Emergency management
Flood resources from MU Extension

Families returning to their flooded homes should be cautious during the cleanup process. In addition to other hazards, floodwater may contain sewage and biological contaminants that can linger in the home. Read more

Business and careers
The dark side of the eclipse

An estimated 80 percent of Americans live within 600 miles of the eclipse path. This amazing, once-in-a-lifetime event can present challenges. Read these tips to avoid being caught on the dark side of the eclipse. Read more

Continuing education, seminars and noncredit courses
MU FRTI receives new specialized mobile fire training simulator

The system is incorporated with a trailer to make training as accessible as possible. The institute offers 80 percent of its training in the field to meet career and volunteer fire service schedules and needs. Read more

Success of Edgewood Dairy and Creamery starts with grazing school

In 1997, Charles Fletcher attended a management-intensive grazing school at MU’s Southwest Research Center. Dairy specialist Stacey Hamilton and the MU dairy team led the three-day seminar. Read more

Lawn and garden
The flower that thrives on neglect

Few garden flowers give more and ask for less than daylily. In the quest for a “no maintenance” perennial, daylily is about as close as one can get. There are some who maintain that daylilies thrive on neglect. Read more

Natural resources
Bee workshops lead to more hives, more honey, more crops

MU Extension specialists and beekeepers Travis and Joni Harper have coordinated beekeeping classes for more than 800 Missourians in the past three years. Read more

Nutrition and health
Berries pack a healthful punch

It’s no secret that berries are a healthy choice. They may become even more appealing as new research indicates that eating berries may help stave off the cognitive decline and memory loss that comes with aging. Read more

Community and leadership
What stories do the stars tell?

What stories will you tell when witnessing the total solar eclipse as it passes through Missouri on Aug. 21? If you are interested in Astronomy, Storytelling, or Digital Media creation, this camp is for you! Read more

4-H after-school program nurtures 'seeds of possibility'

The cast and crew of a short film called "The Glasses" are students enrolled in an after-school program run by the Local Investment Commission (LINC), a Kansas City, Mo., nonprofit. Read more

Families and relationships
Spring cleaning with young children

Spring is the time of year for cleaning. Your young children can help with cleaning tasks, especially when they are members of a team that works together. Read more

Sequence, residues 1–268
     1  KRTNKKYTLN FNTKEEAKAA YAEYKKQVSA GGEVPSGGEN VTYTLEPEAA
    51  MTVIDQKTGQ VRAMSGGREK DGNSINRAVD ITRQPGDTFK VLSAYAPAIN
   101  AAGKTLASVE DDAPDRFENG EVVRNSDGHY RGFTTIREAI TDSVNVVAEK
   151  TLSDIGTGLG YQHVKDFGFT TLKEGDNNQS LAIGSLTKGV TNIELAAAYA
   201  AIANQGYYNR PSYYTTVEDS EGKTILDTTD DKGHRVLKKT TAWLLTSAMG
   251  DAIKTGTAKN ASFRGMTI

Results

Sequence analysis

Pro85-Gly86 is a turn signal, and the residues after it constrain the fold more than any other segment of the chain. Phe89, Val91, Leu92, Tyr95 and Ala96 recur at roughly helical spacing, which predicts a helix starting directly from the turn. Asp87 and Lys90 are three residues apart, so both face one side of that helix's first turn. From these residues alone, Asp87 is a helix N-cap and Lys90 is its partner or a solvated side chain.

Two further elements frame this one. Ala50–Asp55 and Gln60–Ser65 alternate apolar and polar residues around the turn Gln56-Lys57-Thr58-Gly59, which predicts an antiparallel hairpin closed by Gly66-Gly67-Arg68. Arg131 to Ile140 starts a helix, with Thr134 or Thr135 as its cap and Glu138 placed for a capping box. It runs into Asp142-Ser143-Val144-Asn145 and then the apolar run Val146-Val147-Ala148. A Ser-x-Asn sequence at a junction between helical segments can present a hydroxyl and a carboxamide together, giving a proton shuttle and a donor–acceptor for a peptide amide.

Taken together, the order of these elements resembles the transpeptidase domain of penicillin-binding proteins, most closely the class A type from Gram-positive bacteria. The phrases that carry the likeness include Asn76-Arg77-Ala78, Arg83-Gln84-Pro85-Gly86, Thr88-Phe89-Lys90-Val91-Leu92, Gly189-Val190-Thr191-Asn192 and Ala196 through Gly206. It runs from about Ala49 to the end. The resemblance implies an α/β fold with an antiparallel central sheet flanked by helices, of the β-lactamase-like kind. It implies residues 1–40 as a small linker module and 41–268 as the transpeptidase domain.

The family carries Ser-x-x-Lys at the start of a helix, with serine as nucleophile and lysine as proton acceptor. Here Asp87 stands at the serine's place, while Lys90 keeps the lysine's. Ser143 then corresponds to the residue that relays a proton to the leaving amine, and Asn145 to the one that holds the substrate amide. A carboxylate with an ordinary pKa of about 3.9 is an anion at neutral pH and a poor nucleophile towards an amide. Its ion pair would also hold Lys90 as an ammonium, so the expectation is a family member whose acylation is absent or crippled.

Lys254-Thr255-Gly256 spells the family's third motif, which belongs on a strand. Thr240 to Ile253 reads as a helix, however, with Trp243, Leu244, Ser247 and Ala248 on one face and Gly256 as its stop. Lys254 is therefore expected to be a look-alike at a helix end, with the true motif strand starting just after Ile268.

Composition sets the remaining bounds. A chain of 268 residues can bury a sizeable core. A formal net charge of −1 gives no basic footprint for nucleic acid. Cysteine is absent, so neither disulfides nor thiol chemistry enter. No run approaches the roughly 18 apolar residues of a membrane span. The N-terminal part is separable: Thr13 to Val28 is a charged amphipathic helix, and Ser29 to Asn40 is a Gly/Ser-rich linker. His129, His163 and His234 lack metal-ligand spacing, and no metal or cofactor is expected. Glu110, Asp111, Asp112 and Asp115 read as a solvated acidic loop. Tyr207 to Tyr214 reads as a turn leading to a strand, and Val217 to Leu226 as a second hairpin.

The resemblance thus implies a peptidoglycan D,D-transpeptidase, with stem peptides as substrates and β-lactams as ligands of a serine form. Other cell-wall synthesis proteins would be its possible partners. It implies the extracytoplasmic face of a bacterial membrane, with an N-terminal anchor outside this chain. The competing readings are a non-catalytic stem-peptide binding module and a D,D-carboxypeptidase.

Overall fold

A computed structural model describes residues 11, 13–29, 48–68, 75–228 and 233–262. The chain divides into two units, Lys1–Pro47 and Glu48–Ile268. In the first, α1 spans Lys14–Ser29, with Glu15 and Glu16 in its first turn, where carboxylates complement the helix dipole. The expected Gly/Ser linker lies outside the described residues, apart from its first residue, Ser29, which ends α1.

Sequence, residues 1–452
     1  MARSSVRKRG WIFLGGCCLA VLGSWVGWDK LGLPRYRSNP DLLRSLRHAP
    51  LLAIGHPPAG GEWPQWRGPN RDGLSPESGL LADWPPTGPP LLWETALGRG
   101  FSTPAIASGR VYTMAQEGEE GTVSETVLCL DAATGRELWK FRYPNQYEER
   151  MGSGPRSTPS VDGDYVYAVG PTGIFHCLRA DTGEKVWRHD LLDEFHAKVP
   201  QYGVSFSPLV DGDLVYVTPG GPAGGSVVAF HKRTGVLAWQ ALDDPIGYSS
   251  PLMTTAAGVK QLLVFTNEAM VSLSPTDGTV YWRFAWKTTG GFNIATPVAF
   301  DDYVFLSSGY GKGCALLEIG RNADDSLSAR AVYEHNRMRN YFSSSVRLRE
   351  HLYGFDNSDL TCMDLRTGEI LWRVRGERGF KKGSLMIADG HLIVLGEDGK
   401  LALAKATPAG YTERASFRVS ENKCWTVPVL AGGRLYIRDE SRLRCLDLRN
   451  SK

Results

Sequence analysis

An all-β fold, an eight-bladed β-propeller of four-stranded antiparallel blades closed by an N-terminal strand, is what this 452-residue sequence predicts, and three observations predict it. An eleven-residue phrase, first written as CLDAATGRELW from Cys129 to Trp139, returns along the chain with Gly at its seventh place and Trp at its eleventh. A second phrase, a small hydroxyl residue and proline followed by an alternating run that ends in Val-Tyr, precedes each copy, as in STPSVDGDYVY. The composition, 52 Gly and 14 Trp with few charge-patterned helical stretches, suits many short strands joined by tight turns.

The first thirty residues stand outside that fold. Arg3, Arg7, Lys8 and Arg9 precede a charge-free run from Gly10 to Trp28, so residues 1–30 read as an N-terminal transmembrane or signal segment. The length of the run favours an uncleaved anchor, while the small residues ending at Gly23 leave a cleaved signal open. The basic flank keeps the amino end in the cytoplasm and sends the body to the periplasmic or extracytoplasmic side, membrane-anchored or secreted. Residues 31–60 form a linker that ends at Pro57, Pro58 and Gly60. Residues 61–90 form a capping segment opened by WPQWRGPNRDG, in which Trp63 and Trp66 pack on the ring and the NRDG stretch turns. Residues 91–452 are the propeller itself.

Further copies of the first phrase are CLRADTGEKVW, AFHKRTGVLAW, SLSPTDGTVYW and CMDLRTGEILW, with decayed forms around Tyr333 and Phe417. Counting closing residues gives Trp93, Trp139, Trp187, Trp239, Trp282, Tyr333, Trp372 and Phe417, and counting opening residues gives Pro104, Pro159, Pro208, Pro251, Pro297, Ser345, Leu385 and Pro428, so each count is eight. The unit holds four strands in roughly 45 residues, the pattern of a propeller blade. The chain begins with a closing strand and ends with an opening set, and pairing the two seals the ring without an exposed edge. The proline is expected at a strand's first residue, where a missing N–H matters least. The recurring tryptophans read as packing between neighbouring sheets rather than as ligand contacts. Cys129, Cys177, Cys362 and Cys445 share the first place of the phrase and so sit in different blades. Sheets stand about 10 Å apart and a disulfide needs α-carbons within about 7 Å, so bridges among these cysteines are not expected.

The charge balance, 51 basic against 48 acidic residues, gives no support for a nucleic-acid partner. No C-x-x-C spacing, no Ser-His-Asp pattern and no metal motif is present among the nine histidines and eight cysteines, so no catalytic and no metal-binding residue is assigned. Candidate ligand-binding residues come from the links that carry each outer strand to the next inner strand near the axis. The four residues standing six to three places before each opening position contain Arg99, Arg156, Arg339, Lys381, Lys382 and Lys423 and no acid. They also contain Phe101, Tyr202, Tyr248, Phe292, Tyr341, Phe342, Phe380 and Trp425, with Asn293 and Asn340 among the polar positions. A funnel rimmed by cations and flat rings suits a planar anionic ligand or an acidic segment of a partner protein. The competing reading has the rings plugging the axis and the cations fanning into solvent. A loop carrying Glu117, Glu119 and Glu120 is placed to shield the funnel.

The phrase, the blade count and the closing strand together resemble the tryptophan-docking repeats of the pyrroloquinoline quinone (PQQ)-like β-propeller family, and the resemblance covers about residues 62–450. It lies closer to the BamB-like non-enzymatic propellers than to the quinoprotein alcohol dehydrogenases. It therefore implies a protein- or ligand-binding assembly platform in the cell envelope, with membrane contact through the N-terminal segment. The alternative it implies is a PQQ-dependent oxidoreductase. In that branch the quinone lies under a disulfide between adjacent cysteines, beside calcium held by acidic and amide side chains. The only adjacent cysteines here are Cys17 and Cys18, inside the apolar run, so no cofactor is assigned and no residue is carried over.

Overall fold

Home and consumer life
Vegetable with an image problem

Beets have been consumed by humans for over 5000 years. The first beets produced long, thin roots. Therefore, it most likely was the leaves of beets that were harvested and used as a pot herb. Read more

Plant turnips in late July

An old Missouri saying advises, "On the 25th of July, sow your turnips, wet or dry." Read more

MU researcher finds pigweed in birdseed and pollinator mixes

Presence of pigweed seed, especially Palmer amaranth, alarms the agriculture community. Read more

Summer sun safety

Protecting your family is as simple as remembering two steps: Plan and Protect. Read more

Choose a pressure canner to safely preserve

For low acid foods, like vegetables and meats, the USDA's recommendations for pressure canning must be followed. Read more

Stay active without succumbing to heat

High heat and humidity can make exercising dangerous because many of the body's cooling mechanisms can be overwhelmed. Read more

Zinnia: From eye sickness to eye candy

Zinnias adore heat — which is a real plus for a garden plant in the Show-Me State. Read more

University of Missouri recognized in 2018 Fiske Guide to Colleges

As the cost of college increases nationwide, students and parents are more concerned than ever about making smart financial decisions and being sure to get the most "bang for their buck." Read more

Openings remain for beginning farmers and ranchers program

The July 20 program will help socially disadvantaged, veteran and Latino farmers and ranchers understand USDA and MU Extension programs. Read more

Bee workshops lead to more hives, more honey, more crops

New hives can pollinate more than 1,000 acres of commercially grown fruit and vegetable crops. Read more

Ag workers at high risk of heat illnesses

Agriculture workers are 20 times more likely than other workers to die from heat. Read more

MSTA accredits soil testing labs

The Missouri Soil Testing Association Accreditation Program is designed to assure that results provided by participating public and private labs serving the citizens of Missouri agree with allowable statistical limits. Read more

MU Extension near you